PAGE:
- Vessel sharing benefiting the EU is regulated through the Consortia Block Exemption Regulation (CBER).
- It expires in April 2024 and is now under review by the European Commission’s DG COMP.
EU rules for vessel sharing – reducing environmental impact and increasing efficiency for global trade, reports World Shipping Council.
Consortia Block Exemption Regulation
To assist ports and customers efficiently, international ocean carriers often share space on vessels.
Vessel sharing aiding the EU is governed through the Consortia Block Exemption Regulation (CBER), which expires in April 2024. Hence it is now under review by the European Commission’s DG COMP.
The World Shipping Council (WSC), the International Chamber of Shipping (ICS), and the Asian Shipowners’ Association (ASA) have recommended their input to the European Commission asking for a revival of the CBER and illustrating how vessel sharing adds to the EU policy objectives of decreasing emissions, boosting competitiveness and improving efficiency to reduce costs.
EU Block Exemption Regulations for consortia have been continuously in place since 1995 but the Commission first adopted the CBER in 2009.
It was recognized for five years and since has been extended twice following Commission examinations.
Vessel sharing is an operational norm that facilitates carriers to use ships more efficiently. Vessel sharing improves the range of destinations and services available to customers. It lessens space onboard ships and lowers emissions.
Amid COVID-19 crisis
COVID-19 disrupted the intermodal supply chain worldwide, creating substantial bottlenecks at marine terminals, inland warehouses, distribution centers, and in the truck that connects ports with the hinterland.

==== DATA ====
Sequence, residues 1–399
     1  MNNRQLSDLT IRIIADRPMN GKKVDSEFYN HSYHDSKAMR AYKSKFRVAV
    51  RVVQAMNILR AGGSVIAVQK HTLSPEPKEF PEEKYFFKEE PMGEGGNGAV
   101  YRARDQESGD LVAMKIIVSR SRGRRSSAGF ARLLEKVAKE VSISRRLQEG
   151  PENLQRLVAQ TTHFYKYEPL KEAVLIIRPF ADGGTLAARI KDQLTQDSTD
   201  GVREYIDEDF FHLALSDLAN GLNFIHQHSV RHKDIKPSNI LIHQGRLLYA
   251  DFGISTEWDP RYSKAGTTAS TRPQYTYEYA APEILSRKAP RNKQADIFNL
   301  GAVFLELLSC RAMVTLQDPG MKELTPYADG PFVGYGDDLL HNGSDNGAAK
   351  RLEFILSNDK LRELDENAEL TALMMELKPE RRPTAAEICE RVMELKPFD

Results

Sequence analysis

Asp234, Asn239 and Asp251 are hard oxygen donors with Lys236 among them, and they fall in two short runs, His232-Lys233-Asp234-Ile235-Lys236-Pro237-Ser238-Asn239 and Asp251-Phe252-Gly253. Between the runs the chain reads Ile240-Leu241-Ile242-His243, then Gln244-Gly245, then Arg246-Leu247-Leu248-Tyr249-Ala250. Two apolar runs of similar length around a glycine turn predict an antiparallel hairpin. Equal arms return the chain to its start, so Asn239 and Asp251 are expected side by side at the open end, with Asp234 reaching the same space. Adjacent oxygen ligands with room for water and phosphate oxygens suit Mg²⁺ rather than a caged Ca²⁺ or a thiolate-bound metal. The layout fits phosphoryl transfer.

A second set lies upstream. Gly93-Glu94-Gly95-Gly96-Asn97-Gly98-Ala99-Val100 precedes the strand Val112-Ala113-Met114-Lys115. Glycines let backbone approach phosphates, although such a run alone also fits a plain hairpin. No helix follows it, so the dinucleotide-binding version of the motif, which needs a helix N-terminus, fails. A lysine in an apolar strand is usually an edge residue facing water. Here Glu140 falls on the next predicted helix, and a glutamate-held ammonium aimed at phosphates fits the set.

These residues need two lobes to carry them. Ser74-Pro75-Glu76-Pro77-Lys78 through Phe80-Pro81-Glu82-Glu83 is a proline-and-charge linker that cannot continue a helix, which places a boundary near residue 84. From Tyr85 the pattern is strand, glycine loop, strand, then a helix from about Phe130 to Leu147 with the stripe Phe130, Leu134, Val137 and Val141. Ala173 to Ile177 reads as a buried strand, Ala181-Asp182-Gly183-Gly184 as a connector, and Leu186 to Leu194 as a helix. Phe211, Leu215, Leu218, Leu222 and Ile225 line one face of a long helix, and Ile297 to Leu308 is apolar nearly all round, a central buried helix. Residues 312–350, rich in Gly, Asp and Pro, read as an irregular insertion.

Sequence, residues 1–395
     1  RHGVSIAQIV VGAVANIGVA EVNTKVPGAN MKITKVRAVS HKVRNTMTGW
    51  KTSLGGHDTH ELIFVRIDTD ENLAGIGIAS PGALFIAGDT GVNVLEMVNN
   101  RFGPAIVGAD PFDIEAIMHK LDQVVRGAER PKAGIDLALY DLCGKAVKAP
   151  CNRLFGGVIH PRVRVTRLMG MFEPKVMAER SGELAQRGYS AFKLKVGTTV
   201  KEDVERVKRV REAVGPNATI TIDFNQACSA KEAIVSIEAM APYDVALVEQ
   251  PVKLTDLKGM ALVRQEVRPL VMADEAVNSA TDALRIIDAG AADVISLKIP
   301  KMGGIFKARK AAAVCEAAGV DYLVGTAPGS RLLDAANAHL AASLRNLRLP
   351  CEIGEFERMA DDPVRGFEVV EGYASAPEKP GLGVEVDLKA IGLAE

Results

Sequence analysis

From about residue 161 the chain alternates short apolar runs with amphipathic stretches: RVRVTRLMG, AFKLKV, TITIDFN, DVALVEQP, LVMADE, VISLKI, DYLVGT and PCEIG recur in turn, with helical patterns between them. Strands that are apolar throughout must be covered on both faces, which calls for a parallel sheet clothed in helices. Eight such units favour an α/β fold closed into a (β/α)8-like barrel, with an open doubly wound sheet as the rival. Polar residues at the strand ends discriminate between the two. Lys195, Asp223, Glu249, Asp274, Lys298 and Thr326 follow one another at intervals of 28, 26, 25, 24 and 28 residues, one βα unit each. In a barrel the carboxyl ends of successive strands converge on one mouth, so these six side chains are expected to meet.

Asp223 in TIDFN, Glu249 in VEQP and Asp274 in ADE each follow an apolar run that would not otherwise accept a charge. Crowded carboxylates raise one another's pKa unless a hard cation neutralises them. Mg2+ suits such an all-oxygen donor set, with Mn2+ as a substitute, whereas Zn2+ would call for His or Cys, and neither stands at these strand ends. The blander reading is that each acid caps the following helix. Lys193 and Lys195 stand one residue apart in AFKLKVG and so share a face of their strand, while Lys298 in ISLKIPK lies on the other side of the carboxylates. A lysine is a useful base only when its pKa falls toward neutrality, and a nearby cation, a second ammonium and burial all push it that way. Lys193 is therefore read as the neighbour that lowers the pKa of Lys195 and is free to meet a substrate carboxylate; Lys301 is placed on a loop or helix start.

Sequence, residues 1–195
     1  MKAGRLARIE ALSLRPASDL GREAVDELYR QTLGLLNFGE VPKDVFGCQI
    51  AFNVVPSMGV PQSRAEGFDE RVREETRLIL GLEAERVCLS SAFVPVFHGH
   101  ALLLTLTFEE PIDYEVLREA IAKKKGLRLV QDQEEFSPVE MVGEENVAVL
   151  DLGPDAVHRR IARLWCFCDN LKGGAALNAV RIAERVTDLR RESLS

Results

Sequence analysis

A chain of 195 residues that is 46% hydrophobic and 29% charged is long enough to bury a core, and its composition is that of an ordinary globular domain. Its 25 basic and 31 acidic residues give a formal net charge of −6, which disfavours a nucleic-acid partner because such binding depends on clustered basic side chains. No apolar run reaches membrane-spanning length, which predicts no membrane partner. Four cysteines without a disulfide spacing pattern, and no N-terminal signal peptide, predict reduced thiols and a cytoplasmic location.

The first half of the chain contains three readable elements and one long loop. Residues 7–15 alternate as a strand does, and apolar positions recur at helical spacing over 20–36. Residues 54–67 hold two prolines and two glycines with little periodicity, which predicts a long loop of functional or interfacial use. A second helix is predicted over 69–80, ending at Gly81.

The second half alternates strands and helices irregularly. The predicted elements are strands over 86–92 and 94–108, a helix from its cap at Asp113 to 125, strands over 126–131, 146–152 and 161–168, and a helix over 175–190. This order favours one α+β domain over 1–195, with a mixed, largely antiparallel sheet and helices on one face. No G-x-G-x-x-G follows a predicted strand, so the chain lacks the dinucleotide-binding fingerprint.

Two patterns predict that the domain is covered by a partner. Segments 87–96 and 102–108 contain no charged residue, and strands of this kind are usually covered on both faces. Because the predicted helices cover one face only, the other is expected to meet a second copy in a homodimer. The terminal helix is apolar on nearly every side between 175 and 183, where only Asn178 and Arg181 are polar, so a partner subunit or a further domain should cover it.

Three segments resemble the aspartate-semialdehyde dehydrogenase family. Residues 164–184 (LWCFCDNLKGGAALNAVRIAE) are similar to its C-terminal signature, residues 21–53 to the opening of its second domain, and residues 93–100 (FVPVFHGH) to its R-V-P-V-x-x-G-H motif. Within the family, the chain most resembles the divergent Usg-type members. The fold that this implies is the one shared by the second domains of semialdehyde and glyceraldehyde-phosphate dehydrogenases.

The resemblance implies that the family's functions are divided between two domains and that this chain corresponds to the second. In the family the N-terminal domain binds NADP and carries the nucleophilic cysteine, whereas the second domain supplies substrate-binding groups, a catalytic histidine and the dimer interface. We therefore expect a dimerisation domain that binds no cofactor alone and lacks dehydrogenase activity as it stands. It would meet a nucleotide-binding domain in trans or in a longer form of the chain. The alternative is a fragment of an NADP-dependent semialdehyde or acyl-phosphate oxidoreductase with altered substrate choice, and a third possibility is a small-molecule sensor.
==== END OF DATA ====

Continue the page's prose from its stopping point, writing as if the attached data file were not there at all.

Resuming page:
Those landside issues in turn caused back-ups of ships outside of ports, considerably decreasing the beneficial vessel capacity.
“From an operational and environmental perspective, vessel sharing is like public transport and car-pooling schemes: seeking to maximize efficiency and reduce emissions through the shared use of transport assets and infrastructure, significantly reducing emissions per unit of cargo transported,” says Yuichi Sonoda, Secretary General of Asian Shipowners Association.
“The frustration that shippers have understandably experienced from service delays and increased cost has been channeled towards carriers, their vessel sharing arrangements, and the regulatory tools which facilitate such arrangements, including the CBER. But data shows and regulators concur that the problems were caused by factors outside carriers’ control and not by vessel sharing,” says John Butler, President & CEO of World Shipping Council.
“Vessel sharing is a tool that has been recognized by regulators around the world as providing a foundation for the reliable movement of international trade. As we come out of the pandemic and markets normalize, we need common and predictable regulations across the globe to help transportation and trade networks to stabilize,” says Guy Platten, Secretary General of the International Chamber of Shipping.
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Source: World Shipping Council